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Cui bono and social capital: Understanding the white savior
February 19, 2021 @ 6:00 pm - 7:30 pm UTC+0
This week Samantha Stevens will give a presentation: “Cui bono and social capital: Understanding the white savior” followed by a discussion.
In order to address the ongoing inaction by the Canadian government regarding mercury contamination in Grassy Narrows First Nations, my current research examines the moves to innocence enacted by the government. Using recent research on the white saviour trope and the legal concept of cui bono as central concepts, I am examining if social capital can provide the bar by which to determine if an altruistic intervention provides suitable benefits to both sides of a historically unbalanced power dynamic.
About the presenter:
I am currently a PhD student in the School of Indigenous and Canadian Studies at Carleton University in Ottawa, Canada. My research examines the intersect of the savior framework, Indigenous law and governance, and Indigenous/Canadian treaty negotiations.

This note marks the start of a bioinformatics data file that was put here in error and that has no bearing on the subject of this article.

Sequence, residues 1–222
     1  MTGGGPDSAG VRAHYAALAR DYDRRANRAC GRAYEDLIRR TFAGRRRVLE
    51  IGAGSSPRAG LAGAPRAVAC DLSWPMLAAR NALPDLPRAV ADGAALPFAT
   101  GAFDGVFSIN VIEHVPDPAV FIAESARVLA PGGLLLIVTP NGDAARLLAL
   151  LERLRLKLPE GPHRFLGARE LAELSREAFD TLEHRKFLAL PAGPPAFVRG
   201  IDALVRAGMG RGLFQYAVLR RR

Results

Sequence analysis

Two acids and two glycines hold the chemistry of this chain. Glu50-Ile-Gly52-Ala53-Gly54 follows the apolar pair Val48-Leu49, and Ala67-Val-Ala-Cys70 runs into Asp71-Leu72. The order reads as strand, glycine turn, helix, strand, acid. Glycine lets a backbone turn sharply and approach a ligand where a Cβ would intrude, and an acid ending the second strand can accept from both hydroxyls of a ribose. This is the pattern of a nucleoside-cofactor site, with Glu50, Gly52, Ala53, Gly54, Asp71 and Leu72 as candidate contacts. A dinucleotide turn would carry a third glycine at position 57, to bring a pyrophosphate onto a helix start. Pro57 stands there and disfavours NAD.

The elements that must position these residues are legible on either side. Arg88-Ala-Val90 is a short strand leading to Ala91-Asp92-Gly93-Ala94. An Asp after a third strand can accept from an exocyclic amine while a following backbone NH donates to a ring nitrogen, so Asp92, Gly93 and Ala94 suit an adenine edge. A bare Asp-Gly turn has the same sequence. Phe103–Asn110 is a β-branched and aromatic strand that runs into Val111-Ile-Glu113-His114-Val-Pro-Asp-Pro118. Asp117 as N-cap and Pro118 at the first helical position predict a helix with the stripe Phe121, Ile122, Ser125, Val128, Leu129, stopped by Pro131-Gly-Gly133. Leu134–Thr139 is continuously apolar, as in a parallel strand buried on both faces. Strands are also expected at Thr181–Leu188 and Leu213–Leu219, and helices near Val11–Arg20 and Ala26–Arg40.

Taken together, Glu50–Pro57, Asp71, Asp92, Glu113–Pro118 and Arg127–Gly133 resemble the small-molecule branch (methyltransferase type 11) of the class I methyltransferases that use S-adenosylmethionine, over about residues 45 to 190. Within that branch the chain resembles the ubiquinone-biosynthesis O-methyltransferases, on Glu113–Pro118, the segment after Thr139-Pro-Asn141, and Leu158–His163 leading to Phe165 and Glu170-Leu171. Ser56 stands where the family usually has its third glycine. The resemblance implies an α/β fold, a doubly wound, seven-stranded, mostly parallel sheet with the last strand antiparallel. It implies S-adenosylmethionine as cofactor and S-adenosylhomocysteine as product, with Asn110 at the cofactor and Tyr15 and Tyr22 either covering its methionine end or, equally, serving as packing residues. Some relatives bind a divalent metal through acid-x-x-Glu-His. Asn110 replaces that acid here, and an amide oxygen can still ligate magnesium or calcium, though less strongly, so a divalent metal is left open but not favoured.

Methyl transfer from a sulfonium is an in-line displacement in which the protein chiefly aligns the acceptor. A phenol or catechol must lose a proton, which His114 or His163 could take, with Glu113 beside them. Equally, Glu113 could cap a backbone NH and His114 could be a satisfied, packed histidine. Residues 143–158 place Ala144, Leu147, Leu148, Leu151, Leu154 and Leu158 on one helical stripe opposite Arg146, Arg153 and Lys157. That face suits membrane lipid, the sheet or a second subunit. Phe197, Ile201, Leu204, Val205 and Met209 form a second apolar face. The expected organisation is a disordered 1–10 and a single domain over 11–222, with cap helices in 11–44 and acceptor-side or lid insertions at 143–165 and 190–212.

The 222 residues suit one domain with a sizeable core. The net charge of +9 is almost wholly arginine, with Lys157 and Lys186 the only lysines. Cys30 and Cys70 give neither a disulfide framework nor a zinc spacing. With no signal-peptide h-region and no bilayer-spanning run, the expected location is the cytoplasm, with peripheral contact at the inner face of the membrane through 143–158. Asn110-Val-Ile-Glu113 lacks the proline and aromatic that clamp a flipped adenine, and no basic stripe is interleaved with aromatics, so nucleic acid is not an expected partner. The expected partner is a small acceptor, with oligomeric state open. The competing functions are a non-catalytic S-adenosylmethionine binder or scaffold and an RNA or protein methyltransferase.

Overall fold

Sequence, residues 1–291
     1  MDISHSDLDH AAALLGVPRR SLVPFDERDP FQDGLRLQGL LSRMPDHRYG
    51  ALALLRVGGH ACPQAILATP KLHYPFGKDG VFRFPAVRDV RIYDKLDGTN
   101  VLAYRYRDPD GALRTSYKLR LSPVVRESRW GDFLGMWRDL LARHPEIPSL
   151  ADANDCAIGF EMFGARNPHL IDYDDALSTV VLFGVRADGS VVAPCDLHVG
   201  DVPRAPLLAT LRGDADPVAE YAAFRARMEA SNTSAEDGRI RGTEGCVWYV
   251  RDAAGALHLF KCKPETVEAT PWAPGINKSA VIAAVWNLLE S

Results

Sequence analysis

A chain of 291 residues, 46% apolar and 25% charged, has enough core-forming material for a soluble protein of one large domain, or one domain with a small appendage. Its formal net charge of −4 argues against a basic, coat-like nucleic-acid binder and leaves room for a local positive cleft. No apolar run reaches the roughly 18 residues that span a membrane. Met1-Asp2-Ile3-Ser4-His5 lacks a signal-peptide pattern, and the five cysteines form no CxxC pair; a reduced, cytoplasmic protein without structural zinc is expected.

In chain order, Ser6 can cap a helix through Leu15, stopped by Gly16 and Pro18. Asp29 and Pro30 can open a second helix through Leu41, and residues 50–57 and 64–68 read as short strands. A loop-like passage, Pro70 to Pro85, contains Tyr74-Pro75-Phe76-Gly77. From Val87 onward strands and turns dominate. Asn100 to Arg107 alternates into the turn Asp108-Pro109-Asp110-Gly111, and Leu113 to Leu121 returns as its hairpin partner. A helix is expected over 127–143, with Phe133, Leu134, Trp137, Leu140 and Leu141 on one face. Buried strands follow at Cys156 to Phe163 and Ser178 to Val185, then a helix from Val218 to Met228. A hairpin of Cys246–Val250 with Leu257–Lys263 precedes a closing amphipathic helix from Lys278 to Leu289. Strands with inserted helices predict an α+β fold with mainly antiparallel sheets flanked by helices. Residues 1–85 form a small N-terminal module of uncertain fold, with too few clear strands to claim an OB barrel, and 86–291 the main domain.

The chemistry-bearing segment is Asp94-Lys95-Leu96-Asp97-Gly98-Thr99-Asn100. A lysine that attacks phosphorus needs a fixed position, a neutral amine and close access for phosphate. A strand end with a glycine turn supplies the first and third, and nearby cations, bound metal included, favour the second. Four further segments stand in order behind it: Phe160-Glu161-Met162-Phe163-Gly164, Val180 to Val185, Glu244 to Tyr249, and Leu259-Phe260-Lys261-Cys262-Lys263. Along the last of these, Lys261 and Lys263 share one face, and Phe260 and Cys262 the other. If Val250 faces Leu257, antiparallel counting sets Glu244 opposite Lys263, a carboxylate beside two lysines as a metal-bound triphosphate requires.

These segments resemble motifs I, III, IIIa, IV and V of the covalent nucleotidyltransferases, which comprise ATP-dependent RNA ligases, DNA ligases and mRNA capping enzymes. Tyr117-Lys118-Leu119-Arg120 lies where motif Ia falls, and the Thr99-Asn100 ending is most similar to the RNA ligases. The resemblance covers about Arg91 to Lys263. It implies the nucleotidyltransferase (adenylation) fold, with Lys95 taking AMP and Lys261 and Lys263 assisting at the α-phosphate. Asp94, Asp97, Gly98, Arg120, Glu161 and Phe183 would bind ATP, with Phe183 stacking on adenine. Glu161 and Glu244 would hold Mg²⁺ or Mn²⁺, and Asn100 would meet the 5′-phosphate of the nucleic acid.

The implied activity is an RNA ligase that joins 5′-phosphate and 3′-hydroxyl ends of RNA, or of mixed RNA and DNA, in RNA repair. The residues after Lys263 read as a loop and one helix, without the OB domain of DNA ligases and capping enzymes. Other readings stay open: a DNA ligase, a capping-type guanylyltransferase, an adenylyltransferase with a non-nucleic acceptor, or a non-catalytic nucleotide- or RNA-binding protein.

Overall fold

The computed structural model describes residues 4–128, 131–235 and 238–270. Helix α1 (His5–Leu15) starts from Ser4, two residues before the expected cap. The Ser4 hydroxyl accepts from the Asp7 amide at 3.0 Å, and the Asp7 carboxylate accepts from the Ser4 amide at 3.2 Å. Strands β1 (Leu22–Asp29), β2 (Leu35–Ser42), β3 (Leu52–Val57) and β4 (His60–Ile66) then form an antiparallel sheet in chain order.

This event is part of our regular presentation and discussion session for researchers including PhD/master students.
This session is 7pm CET / 6pm UTC / 1pm EST / 12pm CST / 11am MST / 10am PST and will be facilitated by Jacob Spanke.
These sessions are a supportive way to connect with people. You can ask questions, get advice, discuss ideas or issues, get suggestions for literature to read, or you can just listen.
Do you want to present your research? Giving a short presentation to the group can be great practice for confirmation, thesis defense, or rehearsal for conference presentations. It can really help to formulate your ideas, get feedback on your research, and discuss your project.
Presentations can be helpful at various stages of your research program. In the early stages it can be helpful to get feedback from the group to help formulate your research, and later in your research to make sense of the data and practice presenting your final results.
Would you like to make a presentation to the group? Click here for more information and to submit a proposal.
Generally, presentations can be 10 to 30 mins. The content of your presentation will depend on your research stage.